Prestwick revelations expose SNP hypocrisy on RBS

Prestwick revelations expose SNP hypocrisy on RBS

by Murdo Fraser
article from Friday 9, February, 2018

I HAVE EVERY SYMPATHY with those in rural communities facing the prospect of losing their RBS branches. Just a few weeks ago, I joined more than 100 local residents in The Square, Aberfeldy, to protest against RBS’s plans to close the branch there, leaving both businesses and personal customers in the area facing a round trip of more than an hour and a half to get to the nearest remaining RBS branches in Perth or Blairgowrie. Without private transport, that hour and a half becomes at least three hours. 

The consequences for rural communities could be severe. Small businesses taking cash in the tills would no longer be able to bank takings on a daily basis, and have to find other arrangements. For elderly or vulnerable customers, or those simply uncomfortable with using the internet, the option of moving to online banking is simply not realistic. Moreover, large parts of Highland Perthshire, as indeed is the case across much of rural Scotland, simply do not have the digital connectivity to support banking transactions online.

Whilst RBS have indicated that mobile banks (pictured) will be provided to replace branches in places like Aberfeldy, there as yet no details on the hours during which these bank vans will attend, and on how many days per week. The whole situation is entirely unsatisfactory.

It is no surprise that politicians from across the political spectrum have united in their condemnation of RBS. While, as a commercial organisation, RBS has to respond to a changing world and the reduction in user patterns in many small branches, nevertheless the closure programme could have been handled in a much superior fashion.

SNP politicians have taken a typically opportunistic approach to the RBS closures, with its Westminster leader Ian Blackford being at the forefront in calling for UK Government intervention. Week after week at Prime Minister’s Questions, Blackford has stood up and demanded that the Prime Minister intervene, given that the UK Government is a majority shareholder in RBS. The Government’s response has been to say that these are commercial matters for RBS, and if the Government is serious about wanting to return the company to the private sector (and see the taxpayer repaid all the sums put in to save the bank), then Ministers cannot be directing its business decisions.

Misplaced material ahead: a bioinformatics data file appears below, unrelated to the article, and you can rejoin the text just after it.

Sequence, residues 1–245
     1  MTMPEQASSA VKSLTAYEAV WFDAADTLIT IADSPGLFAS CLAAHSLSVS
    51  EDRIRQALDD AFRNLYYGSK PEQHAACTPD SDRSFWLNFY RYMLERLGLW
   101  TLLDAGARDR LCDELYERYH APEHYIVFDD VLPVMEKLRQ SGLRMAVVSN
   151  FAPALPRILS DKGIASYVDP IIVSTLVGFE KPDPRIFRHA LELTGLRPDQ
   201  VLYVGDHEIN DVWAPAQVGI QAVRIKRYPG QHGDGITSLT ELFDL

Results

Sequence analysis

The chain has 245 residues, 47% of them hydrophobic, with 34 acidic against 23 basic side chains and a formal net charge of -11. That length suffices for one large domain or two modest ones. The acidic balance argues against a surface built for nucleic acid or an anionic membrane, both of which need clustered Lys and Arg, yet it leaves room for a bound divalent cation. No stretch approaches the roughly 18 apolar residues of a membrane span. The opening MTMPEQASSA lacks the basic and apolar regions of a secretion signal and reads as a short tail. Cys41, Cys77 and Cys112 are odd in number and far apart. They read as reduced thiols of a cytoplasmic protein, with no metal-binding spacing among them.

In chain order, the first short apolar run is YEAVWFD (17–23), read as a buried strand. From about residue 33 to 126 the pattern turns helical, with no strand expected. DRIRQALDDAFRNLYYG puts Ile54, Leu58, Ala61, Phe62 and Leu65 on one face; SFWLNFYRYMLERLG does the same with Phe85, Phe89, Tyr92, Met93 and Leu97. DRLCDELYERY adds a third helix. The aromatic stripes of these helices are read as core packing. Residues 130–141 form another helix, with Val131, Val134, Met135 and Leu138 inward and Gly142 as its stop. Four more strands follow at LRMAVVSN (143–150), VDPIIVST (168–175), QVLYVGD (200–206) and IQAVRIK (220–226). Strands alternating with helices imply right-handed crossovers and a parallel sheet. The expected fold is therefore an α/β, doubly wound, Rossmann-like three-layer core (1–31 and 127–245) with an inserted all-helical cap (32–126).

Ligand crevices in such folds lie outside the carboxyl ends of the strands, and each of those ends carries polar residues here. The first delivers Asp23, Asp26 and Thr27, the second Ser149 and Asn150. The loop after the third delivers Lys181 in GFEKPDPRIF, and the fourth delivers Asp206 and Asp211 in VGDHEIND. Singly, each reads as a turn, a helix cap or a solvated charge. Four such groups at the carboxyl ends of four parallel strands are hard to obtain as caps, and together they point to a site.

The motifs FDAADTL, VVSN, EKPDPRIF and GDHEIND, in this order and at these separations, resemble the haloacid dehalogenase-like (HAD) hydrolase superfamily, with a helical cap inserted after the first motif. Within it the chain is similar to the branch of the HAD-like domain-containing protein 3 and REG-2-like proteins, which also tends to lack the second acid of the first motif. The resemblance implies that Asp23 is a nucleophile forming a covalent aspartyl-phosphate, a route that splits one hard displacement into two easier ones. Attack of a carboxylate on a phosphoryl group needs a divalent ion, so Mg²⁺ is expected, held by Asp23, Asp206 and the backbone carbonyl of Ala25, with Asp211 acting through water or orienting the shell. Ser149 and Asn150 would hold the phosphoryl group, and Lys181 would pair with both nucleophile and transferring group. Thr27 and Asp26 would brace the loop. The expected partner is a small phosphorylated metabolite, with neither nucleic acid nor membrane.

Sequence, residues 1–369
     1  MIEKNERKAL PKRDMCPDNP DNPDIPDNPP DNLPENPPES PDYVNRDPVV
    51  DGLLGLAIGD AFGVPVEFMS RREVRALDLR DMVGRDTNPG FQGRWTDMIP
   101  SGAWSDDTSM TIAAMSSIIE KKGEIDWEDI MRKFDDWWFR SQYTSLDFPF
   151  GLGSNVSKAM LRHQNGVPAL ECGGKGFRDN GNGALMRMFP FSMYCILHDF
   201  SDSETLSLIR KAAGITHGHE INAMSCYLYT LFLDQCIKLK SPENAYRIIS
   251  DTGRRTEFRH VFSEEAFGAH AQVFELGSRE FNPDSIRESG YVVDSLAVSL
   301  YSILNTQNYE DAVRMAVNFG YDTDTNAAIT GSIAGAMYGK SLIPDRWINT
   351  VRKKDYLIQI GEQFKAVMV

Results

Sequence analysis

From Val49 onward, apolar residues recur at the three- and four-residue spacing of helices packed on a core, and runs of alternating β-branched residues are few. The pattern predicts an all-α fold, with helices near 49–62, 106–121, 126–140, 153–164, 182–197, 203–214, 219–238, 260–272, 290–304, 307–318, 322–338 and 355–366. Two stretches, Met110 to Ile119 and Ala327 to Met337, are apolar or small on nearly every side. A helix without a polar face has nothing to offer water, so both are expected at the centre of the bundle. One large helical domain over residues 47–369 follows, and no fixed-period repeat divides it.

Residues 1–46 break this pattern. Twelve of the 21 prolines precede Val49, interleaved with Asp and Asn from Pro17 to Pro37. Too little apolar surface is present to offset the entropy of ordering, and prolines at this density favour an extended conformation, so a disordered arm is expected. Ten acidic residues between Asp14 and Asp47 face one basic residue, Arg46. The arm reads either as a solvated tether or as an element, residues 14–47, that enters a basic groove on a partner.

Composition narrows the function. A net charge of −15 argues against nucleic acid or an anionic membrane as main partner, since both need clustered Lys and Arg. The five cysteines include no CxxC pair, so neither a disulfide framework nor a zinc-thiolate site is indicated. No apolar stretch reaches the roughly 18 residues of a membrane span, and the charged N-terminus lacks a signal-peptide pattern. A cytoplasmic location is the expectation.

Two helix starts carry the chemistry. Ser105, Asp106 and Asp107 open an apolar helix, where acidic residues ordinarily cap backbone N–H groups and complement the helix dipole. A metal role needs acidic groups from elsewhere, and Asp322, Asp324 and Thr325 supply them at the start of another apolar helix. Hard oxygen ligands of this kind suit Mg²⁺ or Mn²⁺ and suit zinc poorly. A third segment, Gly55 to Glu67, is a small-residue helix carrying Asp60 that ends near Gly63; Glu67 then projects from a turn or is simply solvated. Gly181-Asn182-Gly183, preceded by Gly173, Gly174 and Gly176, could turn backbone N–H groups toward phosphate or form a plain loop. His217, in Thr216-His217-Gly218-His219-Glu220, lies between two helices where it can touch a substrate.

Blackford was widely condemned at the beginning of the week for trying to claim credit for RBS’s partial U-turn on branch closures. Appearing on the BBC’s Sunday Politics Show, he announced that he was very close to reaching a deal which would see a number of branches saved from closure. And yet, it was the work of the Scottish Affairs Committee on a cross-party basis which had encouraged RBS to change its mind. Sources close to the negotiations within RBS indicated that Blackford’s grandstanding came very close to scuppering the entire deal.

The hypocrisy of the SNP on this issue was exposed later in the week, when The Guardian journalist Severin Carrell wrote a story about the management of Prestwick Airport (wholly owned by the Scottish Government), doing deals with the US military which would see frontline operations using Prestwick's runway, and at the same time negotiating with Donald Trump’s Turnberry Golf Resort. In response to concerns raised by opposition politicians, the Scottish Government stated that decisions taken at Prestwick were a commercial matter for the management and, “Ministers have no role in the operation of contractual agreements made by Glasgow Prestwick Airport, which operates on an entirely commercial basis in line with European State Aid rules”.

So here we have the SNP in government taking one approach in relation to an asset owned by the Scottish public – Prestwick Airport – but calling for the UK Government to take quite a different approach in relation to an asset – RBS – owned by the British public. It demonstrates exactly the sort of double standards that we have come to expect from this SNP administration.

As for the RBS closures, the announcement this week of a partial U-turn for a small number of branches is encouraging, but does not go anywhere near far enough. If, as RBS claims, closures are inevitable because of the decline in footfall in branches, then the bank has to work much harder to win public trust in managing a transition process, rather than taking the heavy-handed approach that has been adopted thus far. 

It also requires politicians to be both honest and realistic in their approach, given the commercial pressures on an organisation as large as RBS, rather than simply opportunistic and seeking to grab the next headline. Those who follow the latter path are too easily caught out, as the SNP have just found out to its cost.

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